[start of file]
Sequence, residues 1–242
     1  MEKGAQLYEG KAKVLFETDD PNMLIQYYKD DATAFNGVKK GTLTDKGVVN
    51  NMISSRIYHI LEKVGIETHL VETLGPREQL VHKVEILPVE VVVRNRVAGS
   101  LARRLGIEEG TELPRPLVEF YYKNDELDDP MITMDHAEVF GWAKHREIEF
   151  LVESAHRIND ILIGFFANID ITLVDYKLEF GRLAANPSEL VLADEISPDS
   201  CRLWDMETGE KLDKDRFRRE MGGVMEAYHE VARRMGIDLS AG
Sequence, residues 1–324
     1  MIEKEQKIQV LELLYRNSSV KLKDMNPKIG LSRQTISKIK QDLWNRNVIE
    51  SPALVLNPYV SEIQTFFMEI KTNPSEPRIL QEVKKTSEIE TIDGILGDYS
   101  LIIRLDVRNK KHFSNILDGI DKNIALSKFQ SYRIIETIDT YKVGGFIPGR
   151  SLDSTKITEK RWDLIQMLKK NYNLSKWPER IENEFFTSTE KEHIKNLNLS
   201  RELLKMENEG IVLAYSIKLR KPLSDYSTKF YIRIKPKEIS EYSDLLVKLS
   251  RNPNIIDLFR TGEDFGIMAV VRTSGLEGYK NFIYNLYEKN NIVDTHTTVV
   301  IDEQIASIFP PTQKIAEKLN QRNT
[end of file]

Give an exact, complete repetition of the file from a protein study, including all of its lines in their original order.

Sequence, residues 1–242
     1  MEKGAQLYEG KAKVLFETDD PNMLIQYYKD DATAFNGVKK GTLTDKGVVN
    51  NMISSRIYHI LEKVGIETHL VETLGPREQL VHKVEILPVE VVVRNRVAGS
   101  LARRLGIEEG TELPRPLVEF YYKNDELDDP MITMDHAEVF GWAKHREIEF
   151  LVESAHRIND ILIGFFANID ITLVDYKLEF GRLAANPSEL VLADEISPDS
   201  CRLWDMETGE KLDKDRFRRE MGGVMEAYHE VARRMGIDLS AG
Sequence, residues 1–324
     1  MIEKEQKIQV LELLYRNSSV KLKDMNPKIG LSRQTISKIK QDLWNRNVIE
    51  SPALVLNPYV SEIQTFFMEI KTNPSEPRIL QEVKKTSEIE TIDGILGDYS
   101  LIIRLDVRNK KHFSNILDGI DKNIALSKFQ SYRIIETIDT YKVGGFIPGR
   151  SLDSTKITEK RWDLIQMLKK NYNLSKWPER IENEFFTSTE KEHIKNLNLS
   201  RELLKMENEG IVLAYSIKLR KPLSDYSTKF YIRIKPKEIS EYSDLLVKLS
   251  RNPNIIDLFR TGEDFGIMAV VRTSGLEGYK NFIYNLYEKN NIVDTHTTVV
   301  IDEQIASIFP PTQKIAEKLN QRNT